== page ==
“Now that I am in Nigeria, I will try my best to cope here. My dad is not back yet. He wants to take care of our property there. We have a house and two cars. He has a shop where he sells refrigerators. He wants to sell everything because of the attacks so that he could also relocate back to Nigeria,” she added.
‘I won’t miss my classmates’
His facial expression said it all. Michael, as his mother wanted him to be identified, was very excited to return to Nigeria. And when he bared his soul to our correspondent on the isolated life he had to contend with in school, it was discernible that he indeed had a cause to rejoice. For the 15-year-old boy, it was freedom worth celebrating.
“I was in Grade 9 in South Africa,” he began. “I was on 60 per cent scholarship and it is sad I would lose it. But I am very happy to be back to Nigeria because of the discrimination I went through in South Africa. I won’t miss my South African classmates there.
“They were very discriminatory in so many ways. The kind of jokes they cracked with foreigners are killing. When there is a misunderstanding between them and foreign pupils, their co-citizens would support them and shout at the foreigners to go back to their country.
“I don’t have a sense of belonging in the school. They want us to realise that we are not one of them. If we complain to our teachers, they will correct them but after a while, they will resume the discriminatory act.”
Michael’s mother, a native of Delta State, who gave her name simply as Felicia, said the trauma was as gruelling as his son painted it. A teacher at a special school in Pretoria, the mother of three said she had to come back to Nigeria after six years in South Africa because she didn’t want her children’s lifestyle to be influenced by such crude behaviour.
“Racism is much. It’s very traumatising and we feel like we don’t have a place. Even in school, they discriminate against foreigners, especially Nigerians. Their kids would tell our children to go back to their country. It’s really very sad and my experience has made me appreciate my country more.
“I hope our leaders will look into things that make us travel out. I have been there for six years. Their education system is perfect. How my children will blend with the system here is a headache for me because I never thought we would return to Nigeria this soon. However, I can’t continue to raise my children in an environment that is filled with bitterness and resentment,” she said, walking up to join a queue where returnees were being given new SIM cards.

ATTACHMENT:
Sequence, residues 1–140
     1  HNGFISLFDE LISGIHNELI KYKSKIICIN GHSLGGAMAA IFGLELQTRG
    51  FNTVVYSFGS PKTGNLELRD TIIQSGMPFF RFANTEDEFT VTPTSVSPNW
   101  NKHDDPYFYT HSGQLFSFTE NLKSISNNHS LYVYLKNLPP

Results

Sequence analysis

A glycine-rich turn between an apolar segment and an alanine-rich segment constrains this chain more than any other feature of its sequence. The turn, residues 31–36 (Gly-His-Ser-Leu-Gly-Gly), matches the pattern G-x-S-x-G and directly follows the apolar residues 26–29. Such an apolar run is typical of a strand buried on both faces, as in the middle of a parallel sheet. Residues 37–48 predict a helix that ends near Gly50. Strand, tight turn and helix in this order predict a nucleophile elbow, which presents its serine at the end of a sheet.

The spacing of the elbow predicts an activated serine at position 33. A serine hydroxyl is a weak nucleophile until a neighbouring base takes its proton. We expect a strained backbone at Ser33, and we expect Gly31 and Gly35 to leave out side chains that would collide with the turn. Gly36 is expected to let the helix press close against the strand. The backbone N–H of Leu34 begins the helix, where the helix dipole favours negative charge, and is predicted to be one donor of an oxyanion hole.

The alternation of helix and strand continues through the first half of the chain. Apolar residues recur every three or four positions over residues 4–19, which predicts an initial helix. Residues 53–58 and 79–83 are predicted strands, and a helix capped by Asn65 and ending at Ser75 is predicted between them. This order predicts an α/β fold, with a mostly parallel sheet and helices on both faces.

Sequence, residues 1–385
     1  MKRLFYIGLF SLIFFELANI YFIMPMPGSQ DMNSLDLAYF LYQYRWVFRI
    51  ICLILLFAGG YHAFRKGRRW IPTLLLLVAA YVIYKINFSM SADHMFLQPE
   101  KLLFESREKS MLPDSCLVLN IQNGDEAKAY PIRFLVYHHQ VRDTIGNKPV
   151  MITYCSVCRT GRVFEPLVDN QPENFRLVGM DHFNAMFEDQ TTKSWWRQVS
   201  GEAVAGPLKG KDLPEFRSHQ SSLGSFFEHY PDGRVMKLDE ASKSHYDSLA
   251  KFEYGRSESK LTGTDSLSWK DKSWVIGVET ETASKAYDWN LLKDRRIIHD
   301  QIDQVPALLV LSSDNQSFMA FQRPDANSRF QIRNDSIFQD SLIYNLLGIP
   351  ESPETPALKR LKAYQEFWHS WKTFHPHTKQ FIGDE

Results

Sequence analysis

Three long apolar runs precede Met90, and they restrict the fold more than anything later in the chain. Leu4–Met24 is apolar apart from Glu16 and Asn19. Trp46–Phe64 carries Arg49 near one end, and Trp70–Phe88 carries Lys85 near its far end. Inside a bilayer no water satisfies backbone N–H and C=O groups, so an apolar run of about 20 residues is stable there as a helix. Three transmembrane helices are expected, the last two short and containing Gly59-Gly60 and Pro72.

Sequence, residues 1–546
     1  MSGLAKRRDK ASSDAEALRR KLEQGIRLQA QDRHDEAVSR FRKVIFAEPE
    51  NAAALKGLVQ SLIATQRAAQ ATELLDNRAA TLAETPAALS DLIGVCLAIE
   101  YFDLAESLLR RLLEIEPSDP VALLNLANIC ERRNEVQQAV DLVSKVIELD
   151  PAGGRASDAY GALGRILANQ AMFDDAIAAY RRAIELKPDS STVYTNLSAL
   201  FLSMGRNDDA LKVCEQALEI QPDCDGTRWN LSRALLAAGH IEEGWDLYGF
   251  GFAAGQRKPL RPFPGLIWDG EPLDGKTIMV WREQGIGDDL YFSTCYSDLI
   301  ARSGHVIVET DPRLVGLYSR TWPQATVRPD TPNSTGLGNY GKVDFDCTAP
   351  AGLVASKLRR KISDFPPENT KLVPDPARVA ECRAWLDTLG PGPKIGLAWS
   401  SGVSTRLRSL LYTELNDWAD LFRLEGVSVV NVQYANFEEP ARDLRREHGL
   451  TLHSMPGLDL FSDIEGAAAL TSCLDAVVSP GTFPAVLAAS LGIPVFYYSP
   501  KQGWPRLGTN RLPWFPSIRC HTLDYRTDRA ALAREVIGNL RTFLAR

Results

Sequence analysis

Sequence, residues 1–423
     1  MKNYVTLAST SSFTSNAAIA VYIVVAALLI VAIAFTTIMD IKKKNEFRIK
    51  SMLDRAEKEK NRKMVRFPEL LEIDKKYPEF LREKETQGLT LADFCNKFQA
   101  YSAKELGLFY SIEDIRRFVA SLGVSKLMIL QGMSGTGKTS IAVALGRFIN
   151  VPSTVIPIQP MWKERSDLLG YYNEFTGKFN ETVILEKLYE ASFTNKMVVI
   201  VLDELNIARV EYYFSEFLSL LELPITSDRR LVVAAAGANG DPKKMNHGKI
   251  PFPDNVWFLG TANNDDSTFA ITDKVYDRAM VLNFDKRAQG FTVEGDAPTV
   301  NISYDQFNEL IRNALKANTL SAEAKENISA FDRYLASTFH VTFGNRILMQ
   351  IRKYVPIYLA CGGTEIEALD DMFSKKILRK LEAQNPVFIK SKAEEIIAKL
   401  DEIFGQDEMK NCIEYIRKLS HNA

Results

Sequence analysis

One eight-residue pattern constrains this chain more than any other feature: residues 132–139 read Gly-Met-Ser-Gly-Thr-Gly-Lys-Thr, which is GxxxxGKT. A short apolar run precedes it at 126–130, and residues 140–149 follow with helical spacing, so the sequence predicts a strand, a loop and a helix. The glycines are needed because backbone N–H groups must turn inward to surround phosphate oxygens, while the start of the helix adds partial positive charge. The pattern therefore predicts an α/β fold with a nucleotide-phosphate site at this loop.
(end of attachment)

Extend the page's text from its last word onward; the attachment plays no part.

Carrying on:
However, the narrative was different for Adediwura Beckley, a Grade 9 pupil in Pretoria. She was lucky to be in the company of South African classmates who treated her like one of them. “I will miss my friends, my teachers and my school,” she revealed with a sense of nostalgia.
“On Tuesday when I went to school and told my teachers and friends that I was going back to Nigeria, they were sad. They were crying and were very emotional. I hope and pray that I will be able to catch up because I really fitted in nicely with my South African friends. We were like siblings and it was amazing.”
We lost everything, came home empty-handed – Returnees
Ibe Jonas, 34, was a renowned auto spare parts dealer in Pretoria. With a stock estimated at 1,200,000 Rands (about N29m), the Orlu, Imo State indigene was a ‘big man’ among his colleagues; highly revered. Unfortunately, all that he laboured for in the last 14 years when he left Nigeria was reduced to ashes penultimate Sunday by South Africans irate youths who were uncomfortable with his success story “in a foreign land.”
“I lost everything,” he bemoaned, noting there is no end in sight to the horror of xenophobic attacks. “But I am very happy that I am back to my country alive. They burnt down my shop. If I had the money I lost to that attack, I would be a big man in Nigeria. Unfortunately, I could not salvage anything. I came back empty-handed, except for some of my clothes and shoes.
“Only God and our government can help me because I don’t have any means to sustain myself. I ought to have got married. It was because of the crisis that I decided not to raise a family there. A lot of people are crying over there, they want to come back.”
Another returnee, Charity Okafor, from Enugu State was correspondingly embittered. She travelled to Brett, Pretoria North-West four years ago in search of greener pastures. A graduate and a fashion designer, she struck a chord with a number of clients as her business grew in leaps and bounds.
Sadly four months ago, the livelihood she strove to build crumbled before her eyes. The 33-year-old nursing mother ran for dear life as assailants set her shop ablaze. She lost all she had toiled for.
She said, “We struggled to survive there. We woke up early in a bid to make ends meet, yet they see us as threats to them. They felt we make money at their expense. If we go to their clinic and we don’t speak their local language, they would not attend to us. It was really awful. The discrimination was so much.